NASA remotely controls Athlete rover with Leap Motion: 'let's bring a billion human beings into a holodeck'

In an unexpected demonstration at the 2013 Game Developers Conference in San Francisco, scientists from NASA used the Leap Motion to control a six-legged, one-ton Athlete rover located at the space agency's Jet Propulsion Lab in Pasadena, California. Using his hands in front of a Vaio laptop on stage, Luo raised one of the Athlete's legs as the crowd at the Moscone Center watched along via a live Google+ Hangout. And while this demonstration was impressive in its own right, NASA's ambitions reach much further than the 383 miles to Pasadena.
Before articulating the Athlete's limbs over the internet, NASA walked through its work to reach new audiences with gaming, detailing its recent efforts in games like Mars Rover Landing on the Xbox 360, Moonbase Alpha, and other games that allow players to control and maneuver NASA robots. The games are all part of the agency's efforts to reach the public by returning to the living rooms of people around the world; "In the 1960s, the landing of Apollo 11 was the most watched television broadcast at the time in history," said NASA manager Jeff Norris. "It happened here. It happened in this hallowed ground of the living room, a place we'd like to be again." But what began with Kinect-infused demonstrations of NASA games ended in an inspiring, audacious vision for the future of human space exploration.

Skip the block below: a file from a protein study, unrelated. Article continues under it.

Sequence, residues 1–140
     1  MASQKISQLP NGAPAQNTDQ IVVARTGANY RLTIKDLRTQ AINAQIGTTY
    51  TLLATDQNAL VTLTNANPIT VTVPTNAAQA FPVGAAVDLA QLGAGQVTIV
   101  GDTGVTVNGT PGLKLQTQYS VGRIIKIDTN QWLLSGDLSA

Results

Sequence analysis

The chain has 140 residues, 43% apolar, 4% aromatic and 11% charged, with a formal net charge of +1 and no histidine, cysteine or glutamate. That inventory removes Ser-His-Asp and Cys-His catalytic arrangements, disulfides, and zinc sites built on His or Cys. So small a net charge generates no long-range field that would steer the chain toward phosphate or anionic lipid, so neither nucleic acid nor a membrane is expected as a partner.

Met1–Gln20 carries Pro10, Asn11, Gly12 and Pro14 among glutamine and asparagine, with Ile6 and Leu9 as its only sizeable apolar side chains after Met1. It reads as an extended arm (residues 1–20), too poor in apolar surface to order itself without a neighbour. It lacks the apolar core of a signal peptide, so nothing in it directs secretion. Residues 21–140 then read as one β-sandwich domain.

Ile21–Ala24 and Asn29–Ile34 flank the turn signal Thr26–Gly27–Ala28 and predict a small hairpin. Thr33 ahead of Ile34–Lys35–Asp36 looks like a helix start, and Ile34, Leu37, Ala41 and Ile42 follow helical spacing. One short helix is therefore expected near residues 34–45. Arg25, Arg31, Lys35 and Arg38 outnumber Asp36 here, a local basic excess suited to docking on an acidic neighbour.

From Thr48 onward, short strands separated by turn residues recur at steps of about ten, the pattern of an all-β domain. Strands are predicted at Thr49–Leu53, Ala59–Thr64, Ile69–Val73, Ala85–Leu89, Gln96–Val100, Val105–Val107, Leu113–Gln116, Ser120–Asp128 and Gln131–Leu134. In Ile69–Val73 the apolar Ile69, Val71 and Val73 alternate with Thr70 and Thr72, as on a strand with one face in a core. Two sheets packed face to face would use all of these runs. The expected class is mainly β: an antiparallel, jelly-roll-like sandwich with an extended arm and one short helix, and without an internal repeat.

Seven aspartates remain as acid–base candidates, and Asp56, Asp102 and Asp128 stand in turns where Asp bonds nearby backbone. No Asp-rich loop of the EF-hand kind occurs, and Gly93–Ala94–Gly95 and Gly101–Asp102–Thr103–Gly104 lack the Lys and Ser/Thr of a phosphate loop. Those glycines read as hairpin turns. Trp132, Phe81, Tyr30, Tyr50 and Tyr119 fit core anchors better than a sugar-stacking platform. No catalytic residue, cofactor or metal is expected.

In a moving speech capping the Leap Motion demonstration, Norris envisioned a future in which human beings, using simple interfaces (like the Leap Motion or Kinect), are able to remotely explore the universe with robotic astronauts and rovers. "We all desperately want Star Trek," said Norris. "I do believe that humanity's destiny is to climb aboard starships and explore the universe. I think at last we finally have in our grasp the technology necessary to build a very important room on this vessel."

By T.C. Sottek
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